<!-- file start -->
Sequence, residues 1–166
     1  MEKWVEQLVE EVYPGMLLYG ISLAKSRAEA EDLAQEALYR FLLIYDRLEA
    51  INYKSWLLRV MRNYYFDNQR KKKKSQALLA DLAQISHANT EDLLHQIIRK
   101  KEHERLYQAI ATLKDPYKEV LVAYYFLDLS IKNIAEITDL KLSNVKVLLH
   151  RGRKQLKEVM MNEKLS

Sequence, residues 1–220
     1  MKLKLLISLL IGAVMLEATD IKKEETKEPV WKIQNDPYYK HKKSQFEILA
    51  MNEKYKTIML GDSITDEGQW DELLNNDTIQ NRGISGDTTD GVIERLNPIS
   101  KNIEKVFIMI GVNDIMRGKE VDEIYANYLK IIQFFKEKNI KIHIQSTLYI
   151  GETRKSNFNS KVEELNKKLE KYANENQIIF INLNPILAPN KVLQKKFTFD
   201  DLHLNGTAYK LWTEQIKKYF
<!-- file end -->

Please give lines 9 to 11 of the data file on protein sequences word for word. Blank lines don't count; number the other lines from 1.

   101  KNIEKVFIMI GVNDIMRGKE VDEIYANYLK IIQFFKEKNI KIHIQSTLYI
   151  GETRKSNFNS KVEELNKKLE KYANENQIIF INLNPILAPN KVLQKKFTFD
   201  DLHLNGTAYK LWTEQIKKYF